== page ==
If we talk about general impression, it obviously is that foreigners are not too keen on serving in Pakistan because of security reasons. On the other hand, there are dignitaries like Country Director International Labour Organisation (ILO) in Pakistan Dong Li, who wants to continue as long as possible despite being the longest serving head of any United Nations Agency.
He is serving in Pakistan for past six and a half years where as the maximum term for any country director is four to five years. “I have overstayed because I love this country and its people. I want to contribute more in improving the working conditions in Pakistan,” said Dong Li who originally belongs to China. “I have never asked for transfer as I want to stay shoulder to shoulder with my staff and the people of Pakistan,” he said in an interview with ‘The News’. The ILO also has a distinction of being the first UN agency to have presence in Pakistan as its office was established in 1970 in Lahore.
In recognition of the outstanding contributions of this exemplary UN leader, the Government of Pakistan awarded Dong Li with Sitar-e-Imtiaz on this Independence Day. Serving as a director for ILO in Pakistan since July 2004, he was conferred with this award for his passion and hard work that enabled ILO to support the government in establishing the requisite policies, building capacities, and providing required support to the Government of Pakistan.
Prior to becoming ILO Director, Dong Li worked as special advisor Regional Director, ILO office for Asia and Pacific in Bangkok. “During our stay, I and my family have learnt profusely about Pakistan, its people, its rich cultural heritage and its history and religion. We have come across some marvellous Pakistani and foreign friends whose friendship we cherish in our hearts,” he said.
Highlighting his achievements as a Country Director in Pakistan, he said that Pakistan has met huge progress in labour field. After Sri Lanka Pakistan is the second country in this region that has signed 36 international labour conventions. “These conventions include eight core conventions relating to abolition of forced labour, equality and elimination of child labour.”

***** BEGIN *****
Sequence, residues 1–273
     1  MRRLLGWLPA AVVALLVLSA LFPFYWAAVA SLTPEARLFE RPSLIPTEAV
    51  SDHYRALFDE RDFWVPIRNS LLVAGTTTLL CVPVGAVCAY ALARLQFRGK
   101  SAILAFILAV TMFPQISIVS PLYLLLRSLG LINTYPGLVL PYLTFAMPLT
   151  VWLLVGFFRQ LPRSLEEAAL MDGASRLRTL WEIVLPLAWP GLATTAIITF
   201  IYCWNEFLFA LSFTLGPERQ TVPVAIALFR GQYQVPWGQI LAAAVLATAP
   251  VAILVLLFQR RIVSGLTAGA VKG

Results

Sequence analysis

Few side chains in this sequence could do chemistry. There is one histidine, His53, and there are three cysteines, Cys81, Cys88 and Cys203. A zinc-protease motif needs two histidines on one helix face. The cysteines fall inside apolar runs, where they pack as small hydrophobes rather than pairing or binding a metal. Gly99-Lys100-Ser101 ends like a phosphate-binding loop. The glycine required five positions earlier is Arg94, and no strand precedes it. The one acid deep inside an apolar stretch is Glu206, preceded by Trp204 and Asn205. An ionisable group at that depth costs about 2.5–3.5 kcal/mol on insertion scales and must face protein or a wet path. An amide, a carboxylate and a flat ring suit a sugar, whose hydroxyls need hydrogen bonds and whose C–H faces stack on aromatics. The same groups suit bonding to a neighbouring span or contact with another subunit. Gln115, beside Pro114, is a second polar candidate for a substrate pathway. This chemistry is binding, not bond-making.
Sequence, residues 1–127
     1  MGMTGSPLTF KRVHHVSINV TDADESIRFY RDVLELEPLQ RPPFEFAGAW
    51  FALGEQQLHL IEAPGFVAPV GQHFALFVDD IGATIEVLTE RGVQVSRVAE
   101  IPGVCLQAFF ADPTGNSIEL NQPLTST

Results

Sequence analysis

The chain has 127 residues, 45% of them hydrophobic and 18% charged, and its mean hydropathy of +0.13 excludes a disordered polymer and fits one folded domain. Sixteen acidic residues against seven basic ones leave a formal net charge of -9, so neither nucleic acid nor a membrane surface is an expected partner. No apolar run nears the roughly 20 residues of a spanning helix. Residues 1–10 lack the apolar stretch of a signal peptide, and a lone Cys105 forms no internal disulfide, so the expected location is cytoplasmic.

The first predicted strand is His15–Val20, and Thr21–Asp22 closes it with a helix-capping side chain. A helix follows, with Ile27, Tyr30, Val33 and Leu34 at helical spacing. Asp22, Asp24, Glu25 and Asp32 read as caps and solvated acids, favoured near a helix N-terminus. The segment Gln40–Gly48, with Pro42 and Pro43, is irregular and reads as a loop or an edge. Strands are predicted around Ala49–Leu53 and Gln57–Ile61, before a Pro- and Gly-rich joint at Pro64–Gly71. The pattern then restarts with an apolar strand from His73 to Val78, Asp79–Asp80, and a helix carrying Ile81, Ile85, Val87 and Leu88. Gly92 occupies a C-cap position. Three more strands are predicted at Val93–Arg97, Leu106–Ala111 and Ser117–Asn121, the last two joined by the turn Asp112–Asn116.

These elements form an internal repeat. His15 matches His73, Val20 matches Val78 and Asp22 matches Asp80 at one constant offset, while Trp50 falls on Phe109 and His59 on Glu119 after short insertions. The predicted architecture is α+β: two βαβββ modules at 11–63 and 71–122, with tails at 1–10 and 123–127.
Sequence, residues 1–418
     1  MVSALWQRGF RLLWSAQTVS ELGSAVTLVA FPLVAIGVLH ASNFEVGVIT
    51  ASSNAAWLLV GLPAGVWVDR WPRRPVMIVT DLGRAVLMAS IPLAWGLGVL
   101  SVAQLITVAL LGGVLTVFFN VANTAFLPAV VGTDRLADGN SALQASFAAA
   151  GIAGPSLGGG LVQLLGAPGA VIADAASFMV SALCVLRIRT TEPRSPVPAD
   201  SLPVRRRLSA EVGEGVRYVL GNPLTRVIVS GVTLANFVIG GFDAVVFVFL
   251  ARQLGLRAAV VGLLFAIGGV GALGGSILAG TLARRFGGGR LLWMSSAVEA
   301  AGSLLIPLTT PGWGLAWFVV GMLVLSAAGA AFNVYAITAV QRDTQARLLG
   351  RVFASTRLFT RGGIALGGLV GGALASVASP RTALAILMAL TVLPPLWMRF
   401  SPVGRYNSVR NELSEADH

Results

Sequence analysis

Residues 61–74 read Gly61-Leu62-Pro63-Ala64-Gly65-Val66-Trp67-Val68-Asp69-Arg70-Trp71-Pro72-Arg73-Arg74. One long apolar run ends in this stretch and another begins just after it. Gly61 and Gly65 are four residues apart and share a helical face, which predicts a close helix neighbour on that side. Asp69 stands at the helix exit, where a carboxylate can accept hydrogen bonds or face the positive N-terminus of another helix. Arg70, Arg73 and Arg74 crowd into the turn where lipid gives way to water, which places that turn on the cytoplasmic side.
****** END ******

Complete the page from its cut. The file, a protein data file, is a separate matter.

He said that statistics collected in 1996 show that there are 3.5 million children working in different sectors. “To get the latest figure, the ILO plans to assist the government for national child rights survey next year,” he said while adding that pilot survey has already been started in Sukkur and Sahiwal where the concentration of child labour is comparatively high.
Dong Li further said that the passage of National Employment Policy, National Education Policy, National Youth Policy, National Social Protection Policy and National Policy on the Elimination of Child Labour and Bonded Labour, all have contributed in the progress of Pakistan in the labour field.
He said that gender equality is a cross cutting and prioritised objective of all the country programmes of ILO. “In a recent project aimed at enhancing the quality and quantity of women’s employment in Pakistan, the ILO along with Canadian International Development Agency (CIDA) trained 450 women in viable skills to cater to the requirements of garment industry. “It is notable that 90 per cent of the trained women are now employed in garment industry,” he said.
Talking about the issue of Women Home Based Workers (WHBW), he said that though no officials figures are available about the exact number of home based workers, according to NGO estimate there are around 8.5 million HBW in Pakistan. “With the support of ILO and UNIFEM, Pakistan has prepared the draft of the first ever policy on Home Based Workers that has been delivered to Ministry of Labour and Manpower.”
Terming it a big step forward for the welfare of home based workers, Dong Li also congratulated Sindh Assembly for being the first provincial assembly to adopt the policy. To introduce them with the implementation of HBW policies, he said that the ILO is organising a study trip of stakeholders both at federal and provincial level in Pakistan to the Philippines where the government has successfully taken the HBWs in the circle of social welfare system.
About the activities of ILO in flood affected areas, he said that the ILO was among the first few agencies to start the Cash-for-Work programme in flood affected areas in September. “The programme was started from Peshawar and Nowshera for creating around 10,000 days of work for flood-affected men and women. “With the arrival of new funding, the project is going to create additional 43,000 days of work for flood-affected men and women in various productive activities,” the country director said.
He said that Cash-for-Work activity has been very well received by the flood-affected people as well as the local authorities. “It not only helps in creating immediate short-term employment but also injects cash in the local economy and stimulates local livelihood. In addition to that, it helps flood-affected people in overcoming mental trauma as it engages people in constructive activities for a good 6-8 hours in a day,” he said.
(Published in Daily TheNews Dated 22-11-2010)